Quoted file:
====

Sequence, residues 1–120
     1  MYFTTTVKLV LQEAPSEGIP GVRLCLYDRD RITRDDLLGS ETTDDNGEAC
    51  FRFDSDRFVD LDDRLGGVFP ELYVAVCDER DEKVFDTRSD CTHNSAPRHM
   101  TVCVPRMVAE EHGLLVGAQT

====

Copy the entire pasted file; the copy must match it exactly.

Sequence, residues 1–120
     1  MYFTTTVKLV LQEAPSEGIP GVRLCLYDRD RITRDDLLGS ETTDDNGEAC
    51  FRFDSDRFVD LDDRLGGVFP ELYVAVCDER DEKVFDTRSD CTHNSAPRHM
   101  TVCVPRMVAE EHGLLVGAQT